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Electronics novice here... I hope this is a reasonable thing to ask here. I haven't "tried" anything because I'm not really having a problem. I'm just looking for guidance before I start.

I am cobbling together a device that will need 5, 3.3, 2.5 and 1.8 Volt power sources. The heart of this thing is going to be a Raspberry Pi Compute Module.

In the documentation for the Pi Compute, they give a fairly strong warning that the power supplies must come up (in time) from highest voltage to lowest to avoid forward-biasing internal diodes between sources to avoid latch-up.

I am planning to use devices like the LM2576 because they seem simple enough to use and have lots of online examples and application notes.

I have two multi-part questions...

First, is it reasonable to simply build discrete power supplies for each required voltage and cascade them? (12V input -> 5V -> 3.3 -> 2.5 -> 1.8). Or is there a better practice to follow when you need multiple voltages?

Second, does merely cascading the supplies ensure that they come up in order? Or is there something I should do (perhaps with larger in-parallel capacitors between them?) to create a short delay between power-ups?

Thanks!

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    \$\begingroup\$ you could cascade them, or start at 12V for each one or start at 5V for each of the lower ones or start at 5V and use a booster to get 12V. it all depends on the current required. \$\endgroup\$ – jsotola Feb 7 '18 at 20:25
  • \$\begingroup\$ The 12 volt input is a given (a design constraint). If I were to use the output from the 5V supply for each of the others, how could I ensure they come up in the right order? \$\endgroup\$ – Matt Redmond Feb 7 '18 at 20:34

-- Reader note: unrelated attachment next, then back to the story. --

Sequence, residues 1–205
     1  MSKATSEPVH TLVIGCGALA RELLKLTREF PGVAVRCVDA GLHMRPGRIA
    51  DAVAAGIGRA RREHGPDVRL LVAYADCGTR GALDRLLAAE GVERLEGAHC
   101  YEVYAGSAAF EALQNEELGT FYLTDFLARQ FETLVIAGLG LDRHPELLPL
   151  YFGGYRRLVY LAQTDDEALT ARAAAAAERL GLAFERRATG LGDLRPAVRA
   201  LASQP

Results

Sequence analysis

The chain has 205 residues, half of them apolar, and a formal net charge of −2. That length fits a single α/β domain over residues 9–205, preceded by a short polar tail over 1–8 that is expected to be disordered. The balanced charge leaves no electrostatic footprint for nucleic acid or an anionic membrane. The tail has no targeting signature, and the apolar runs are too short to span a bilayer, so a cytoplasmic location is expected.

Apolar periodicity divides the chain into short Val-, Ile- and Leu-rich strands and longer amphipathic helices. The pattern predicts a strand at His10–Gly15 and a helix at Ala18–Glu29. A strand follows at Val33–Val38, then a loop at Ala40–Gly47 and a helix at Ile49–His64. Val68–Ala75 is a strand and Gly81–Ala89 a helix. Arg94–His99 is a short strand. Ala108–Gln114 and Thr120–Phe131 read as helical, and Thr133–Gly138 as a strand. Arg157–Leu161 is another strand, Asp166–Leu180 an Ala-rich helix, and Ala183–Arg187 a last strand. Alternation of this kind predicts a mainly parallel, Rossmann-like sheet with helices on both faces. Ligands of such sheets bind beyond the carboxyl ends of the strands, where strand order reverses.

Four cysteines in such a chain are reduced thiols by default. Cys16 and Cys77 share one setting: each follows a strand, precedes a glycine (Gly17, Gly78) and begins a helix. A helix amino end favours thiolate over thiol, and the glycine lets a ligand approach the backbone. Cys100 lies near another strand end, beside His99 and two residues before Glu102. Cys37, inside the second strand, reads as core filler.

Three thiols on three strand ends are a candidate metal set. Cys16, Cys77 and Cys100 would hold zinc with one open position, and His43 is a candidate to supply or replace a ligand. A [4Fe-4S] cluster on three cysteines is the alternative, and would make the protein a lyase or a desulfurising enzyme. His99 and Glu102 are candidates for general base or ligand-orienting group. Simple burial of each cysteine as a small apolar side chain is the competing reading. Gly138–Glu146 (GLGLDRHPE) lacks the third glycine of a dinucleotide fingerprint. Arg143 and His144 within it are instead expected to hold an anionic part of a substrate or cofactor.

• \$\begingroup\$ can you post a link to the doc? \$\endgroup\$ – jsotola Feb 7 '18 at 20:59
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    \$\begingroup\$ Cascading works, although you can also get special power sequencing ICs for this. I suspect if you look at the normal Pi board you'll see they've cascaded them. \$\endgroup\$ – pjc50 Feb 7 '18 at 21:04
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    \$\begingroup\$ e.g. linear.com/product/LTC2924 \$\endgroup\$ – pjc50 Feb 7 '18 at 21:05
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Cascading supplies does guarantee that they come up in order but you can't do it in your specific case.

The minimum input voltage for the LM2576 is between 3V and 4V depending on temperature. https://www.onsemi.com/pub/Collateral/LM2576-D.PDF

(See figure 11 on page 6 of datasheet)

Therefore you can go from 12V to 5V to 3.3V.

The 2.5V supply may or may not be able to run from 3.3V.

The 1.8V supply probably won't be able to run off of 2.5V.

If you want to sequence the supplies by running one off of the other then you need to pick a supply that has a minimum input voltage that goes all the way down to 2.5V.

Also it should be noted that the overall efficiency goes way down if you cascade so many supplies. For example if each of your supplies was 90% efficient then...
You get 12V at 90% efficiency.
You get 5V at 90% of 90% = 81% efficiency.
You get 3.3V at 90% of 81% = 73% efficiency.
You get 2.5V at 90% of 73% = 65% efficiency.
You get 1.8V at 90% of 65% = 59% efficiency.
And so on...

A better way to sequence the supplies and obtain high efficiency is to run them all off of 12V, but control the ON/OFF pin of each supply from the output of the other supplies.

schematic

simulate this circuit – Schematic created using CircuitLab

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I'm going to answer/close this because it seems pretty clear that cascading will work and if it's not optimal at least it's not idiotic, which is what I wanted to avoid.

I'll watch current requirements and make sure each supply can handle its own devices as well as all of the downstream power supplies and their devices.

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